“The significant loss in our Prime Services business relating to the failure of a US-based hedge fund is unacceptable,” Thomas Gottstein, chief executive of Credit Suisse Group, said in a statement.
The bank’s board of directors is launching an investigation into the matter, and Credit Suisse’s top investment banker and chief risk officer will be departing, Credit Suisse said Tuesday. It also plans to cut its dividend, halt share buybacks and hold off on bonuses for some executives while it attempts to recover its losses.
The implosion of New York-based Archegos is one of the largest collapses of a hedge fund since the 2008 financial crisis, sparking calls for tighter oversight of Wall Street from lawmakers including Democratic Sens. Sherrod Brown of Ohio and Elizabeth Warren of Massachusetts. It’s also drawn scrutiny of what critics describe as a lack of transparency tied to some trading contracts and to family offices, the private investment vehicles of wealthy individuals.
Here’s how the major Swiss lender got caught up in the risky bets of Archegos Capital.
What is Archegos Capital?
Archegos Capital Management is a private investment firm owned by Bill Hwang, a veteran investor. The fund borrowed extensively from Wall Street banks to finance big bets on a handful of stocks, including ViacomCBS, Discovery and Chinese giant Tencent and Baidu.
Unlike a traditional hedge fund, Archegos managed the personal wealth of a family and didn’t take money from the public. Such family funds are less regulated than other investment funds. Archegos managed about $10 billion of Hwang’s family fortune.
Who is Hwang?
Hwang is a veteran investor. Before Archegos, he ran another hedge fund, Tiger Asia.
But in 2012, the Securities and Exchange Commission charged Hwang and Tiger Asia with insider trading and market manipulation. Hwang and Tiger Asia agreed to pay $44 million to settle the SEC charges.
After the investigation, Hwang turned Tiger Asia into a family fund, Archegos.
In addition to running Archegos, Hwang co-founded the Grace and Mercy Foundation, one of the nation’s largest Christian charitable foundations, with nearly $500 million in assets. The foundation is funded mainly by Hwang, with him and his wife serving as directors, recent tax documents show. His charity has given to more than 60 institutions, mostly evangelical ones, according to tax records.
Why was Archegos’s investment strategy potentially risky?
Archegos used a complex financial instrument, known as “total return swaps.”
These swaps are contracts that allow investors to take positions in stocks or other assets while committing minimal funds upfront, in exchange for a fee. Swap holders stand to gain or lose based on the price of the underlying assets.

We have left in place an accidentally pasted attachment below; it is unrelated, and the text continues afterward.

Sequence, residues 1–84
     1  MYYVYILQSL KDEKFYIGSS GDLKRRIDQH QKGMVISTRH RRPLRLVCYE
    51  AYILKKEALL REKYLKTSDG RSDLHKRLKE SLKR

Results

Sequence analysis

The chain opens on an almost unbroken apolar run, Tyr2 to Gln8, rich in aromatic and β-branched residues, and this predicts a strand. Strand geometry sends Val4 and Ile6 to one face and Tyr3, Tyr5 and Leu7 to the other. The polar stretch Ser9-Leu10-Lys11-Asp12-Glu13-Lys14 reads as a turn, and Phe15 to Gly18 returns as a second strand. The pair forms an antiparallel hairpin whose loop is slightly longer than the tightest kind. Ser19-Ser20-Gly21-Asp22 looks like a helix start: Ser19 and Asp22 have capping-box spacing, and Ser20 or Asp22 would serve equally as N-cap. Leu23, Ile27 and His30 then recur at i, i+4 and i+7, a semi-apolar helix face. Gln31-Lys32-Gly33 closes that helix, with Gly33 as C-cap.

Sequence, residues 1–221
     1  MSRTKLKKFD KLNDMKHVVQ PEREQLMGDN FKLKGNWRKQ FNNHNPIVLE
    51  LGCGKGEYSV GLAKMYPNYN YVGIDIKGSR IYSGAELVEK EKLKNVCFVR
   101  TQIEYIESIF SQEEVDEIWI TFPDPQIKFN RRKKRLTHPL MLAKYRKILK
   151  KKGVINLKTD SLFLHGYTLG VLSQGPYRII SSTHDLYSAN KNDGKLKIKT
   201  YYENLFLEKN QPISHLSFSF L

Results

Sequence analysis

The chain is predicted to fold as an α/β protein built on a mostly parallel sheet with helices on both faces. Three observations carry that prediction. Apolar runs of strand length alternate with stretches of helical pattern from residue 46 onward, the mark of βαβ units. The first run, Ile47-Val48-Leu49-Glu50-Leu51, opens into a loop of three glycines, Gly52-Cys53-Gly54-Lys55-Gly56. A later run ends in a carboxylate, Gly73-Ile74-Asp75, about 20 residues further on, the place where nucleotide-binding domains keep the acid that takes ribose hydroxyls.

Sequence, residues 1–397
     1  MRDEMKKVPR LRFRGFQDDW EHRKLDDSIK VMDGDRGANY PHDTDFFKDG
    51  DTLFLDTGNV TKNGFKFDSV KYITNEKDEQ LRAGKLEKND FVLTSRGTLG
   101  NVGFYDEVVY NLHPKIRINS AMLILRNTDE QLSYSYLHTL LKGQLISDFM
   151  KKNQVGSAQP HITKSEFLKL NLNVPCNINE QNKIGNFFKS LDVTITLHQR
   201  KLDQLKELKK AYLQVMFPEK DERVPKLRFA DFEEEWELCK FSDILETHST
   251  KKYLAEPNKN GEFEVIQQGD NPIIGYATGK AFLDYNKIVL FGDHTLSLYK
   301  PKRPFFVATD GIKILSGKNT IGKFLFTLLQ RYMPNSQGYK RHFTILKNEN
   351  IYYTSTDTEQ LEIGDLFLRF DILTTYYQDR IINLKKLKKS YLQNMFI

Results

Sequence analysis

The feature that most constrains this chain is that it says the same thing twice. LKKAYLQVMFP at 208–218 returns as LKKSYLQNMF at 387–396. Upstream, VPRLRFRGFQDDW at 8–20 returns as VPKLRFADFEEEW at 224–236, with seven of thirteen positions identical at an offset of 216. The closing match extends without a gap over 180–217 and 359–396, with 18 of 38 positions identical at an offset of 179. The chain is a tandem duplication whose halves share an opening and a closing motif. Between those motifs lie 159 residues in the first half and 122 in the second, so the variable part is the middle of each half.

Archegos’s swap deals backfired when the stock prices of some of the companies in the portfolio began to fall.
When its wagers went the wrong way, Archegos’s lenders began asking to be repaid, and when the fund couldn’t pay up, some banks sold their positions, causing stocks’ prices to fall even further. Archegos itself collapsed.
Who got hurt, and how big are the losses?
It is unclear how big Archegos’s losses were, but several banks have reported taking significant losses.
Credit Suisse reported a $4.7 billion loss tied to the collapse of Archegos.
Japan’s Nomura Holdings said a U.S. client owed the company $2 billion, which several media outlets, including the Wall Street Journal, have reported is tied to Archegos; Mitsubishi UFJ Financial Group said it could lose $300 million from dealings with a U.S. client, also reportedly connected to Archegos. Deutsche Bank has said it exited its relationship with Archegos without losses.
Goldman Sachs and Morgan Stanley also reportedly moved to quickly limit their exposure to Archegos as the fund ran into trouble.
What happens next?
The Securities and Exchange Commission is reportedly investigating the fund. The SEC declined to comment.
But Archegos’s problems have also prompted some to question whether Wall Street again needs tighter regulations.
“The collapse of Archegos Capital Management and the billions of dollars in losses to investors and other market participants is a vivid demonstration of the havoc that errant large investment vehicles called ‘family offices’ can wreak on our financial markets,” Dan M. Berkovitz, a commissioner on the Commodity Futures Trading Commission, said in a statement.
In a tweet, Warren, a frequent critic of Wall Street, said the fund’s “meltdown had all the makings of a dangerous situation.”
“Regulators need more than luck to fend off risks to the financial system: we need transparency and strong oversight so the next hedge fund blowup doesn’t take the economy down with it,” she said.